Of course, ideally a research panel, like any survey study, should be based on a carefully thought-out set of objectives accompanied by a detailed set of data collection plans and analytical methods for meeting these objectives. In practice, this is hardly feasible with a research panel, and less so as the length of the panel study is increased. This is not to say that a long-term panel study may not have a set of specific objectives, and also general plans for meeting these objectives. However, conditions do change over time, resources may change, new ideas may arise from previous waves (if one is not careful...), and the priorities may be changed. Hence, while a general set of objectives is useful, it is also wise to stay flexible and be able to accommodate changes in objectives and procedures as they seem warranted.

Such changes are especially likely in a long-term research panel of the type that we shall describe very shortly. In such a case, there was the additional complication, that is not unusual for long-term panel studies, of a change in the funding sources, which can lead to changes in both the objectives of the study and the procedures.

In general, there seems to be somewhat of a tendency in the case of a research panel to place less emphasis on pure experimentation and to obtain more information on the techniques and methodology by means of observation and ex-post data analysis. This is not the place to indicate the various ways in which this may be done, except that we might note that this type of information can be obtained both internally--by studying the characteristics of the data--as well as by comparing characteristics and behavior of the panel with that of the population from which the panel was drawn.


Background and Objectives

Three features make our consumer panels unique among studies of family economic behavior. The panel aspect is, of course, the primary of these. To date, 17 waves of data have been collected from the Decatur-Peoria panel, and 11 waves of data have been collected from the Chicago panel, creating two data sets which are rich sources of information about changes in family economic behavior and purchase decisions. Second, in these consumer panels, the family is not viewed as a single homogenous unit. Rather, it is regarded as being composed of individuals with separate backgrounds and personality characteristics which all influence family economic behavior to some extent. Finally, all couples in the panel are in the early stages of family formation and growth. This fact, together with the panel design, allows the collection of data from families while their economic and consumption habits are being formed and while many major life style events, such as the birth of children, migration, divorce, and remarriage are taking place.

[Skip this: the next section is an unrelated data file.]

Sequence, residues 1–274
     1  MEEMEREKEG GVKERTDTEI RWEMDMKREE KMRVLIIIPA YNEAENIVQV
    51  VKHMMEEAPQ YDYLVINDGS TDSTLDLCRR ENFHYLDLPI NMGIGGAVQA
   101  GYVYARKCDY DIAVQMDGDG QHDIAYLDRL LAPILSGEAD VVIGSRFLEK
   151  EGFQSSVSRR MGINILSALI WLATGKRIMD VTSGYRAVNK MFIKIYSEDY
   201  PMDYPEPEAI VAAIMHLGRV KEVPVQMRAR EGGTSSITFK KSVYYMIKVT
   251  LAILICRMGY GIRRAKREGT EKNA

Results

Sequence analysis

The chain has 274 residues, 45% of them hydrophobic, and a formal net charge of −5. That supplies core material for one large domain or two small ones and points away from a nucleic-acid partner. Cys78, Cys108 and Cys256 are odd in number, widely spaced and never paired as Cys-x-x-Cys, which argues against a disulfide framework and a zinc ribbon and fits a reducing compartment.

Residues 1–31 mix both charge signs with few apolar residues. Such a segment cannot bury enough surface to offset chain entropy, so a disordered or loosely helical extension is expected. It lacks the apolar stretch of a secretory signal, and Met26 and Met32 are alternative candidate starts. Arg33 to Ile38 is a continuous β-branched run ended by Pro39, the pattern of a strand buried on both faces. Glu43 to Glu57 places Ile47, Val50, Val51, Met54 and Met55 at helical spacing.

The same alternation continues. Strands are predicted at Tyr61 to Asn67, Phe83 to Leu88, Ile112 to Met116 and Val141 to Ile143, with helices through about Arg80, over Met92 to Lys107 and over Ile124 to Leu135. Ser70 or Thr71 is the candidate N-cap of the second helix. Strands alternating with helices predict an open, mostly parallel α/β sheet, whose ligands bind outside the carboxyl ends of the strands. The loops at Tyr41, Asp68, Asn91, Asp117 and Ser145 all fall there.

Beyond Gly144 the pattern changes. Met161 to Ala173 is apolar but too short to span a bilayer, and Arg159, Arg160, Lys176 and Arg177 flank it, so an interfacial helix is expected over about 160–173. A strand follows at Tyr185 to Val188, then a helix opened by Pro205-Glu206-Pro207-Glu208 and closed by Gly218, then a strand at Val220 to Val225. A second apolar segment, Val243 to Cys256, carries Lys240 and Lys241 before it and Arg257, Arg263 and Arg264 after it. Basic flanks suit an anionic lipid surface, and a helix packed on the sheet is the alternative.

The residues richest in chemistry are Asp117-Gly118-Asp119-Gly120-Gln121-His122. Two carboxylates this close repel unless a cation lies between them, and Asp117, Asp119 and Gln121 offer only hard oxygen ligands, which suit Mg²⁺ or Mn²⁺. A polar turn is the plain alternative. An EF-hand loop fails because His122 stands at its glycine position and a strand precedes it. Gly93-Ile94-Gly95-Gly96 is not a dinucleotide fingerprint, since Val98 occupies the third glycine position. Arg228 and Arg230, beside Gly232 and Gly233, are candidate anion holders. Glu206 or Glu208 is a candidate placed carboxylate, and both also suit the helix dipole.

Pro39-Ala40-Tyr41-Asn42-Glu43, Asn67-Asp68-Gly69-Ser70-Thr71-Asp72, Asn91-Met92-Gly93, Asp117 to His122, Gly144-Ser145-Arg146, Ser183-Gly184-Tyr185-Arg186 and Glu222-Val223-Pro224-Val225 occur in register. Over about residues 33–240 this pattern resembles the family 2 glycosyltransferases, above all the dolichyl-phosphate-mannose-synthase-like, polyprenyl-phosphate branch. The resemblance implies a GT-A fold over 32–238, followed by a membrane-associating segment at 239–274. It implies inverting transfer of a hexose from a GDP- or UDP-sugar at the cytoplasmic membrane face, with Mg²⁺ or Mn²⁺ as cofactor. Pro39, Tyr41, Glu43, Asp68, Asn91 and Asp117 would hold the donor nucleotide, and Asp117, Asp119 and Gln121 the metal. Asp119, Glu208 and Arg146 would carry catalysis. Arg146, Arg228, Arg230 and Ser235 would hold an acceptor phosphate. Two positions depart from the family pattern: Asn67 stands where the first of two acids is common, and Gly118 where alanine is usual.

Outline of the Panel Design

The consumer panels are two samples of young married couples who have been interviewed regularly since the time of their marriages. One of the panels consists of couples married in the summer of 1968 in Peoria and Decatur, Illinois. These sites were selected to avoid the complexity of a large city and to obtain respondents in sites which were reasonably self-contained economically and socially. At the time the panel was formed, the population of these two cities was between 100,000 and 250,000, their economies were primarily industrial, and they were relatively isolated from other major urban centers, as is still the case.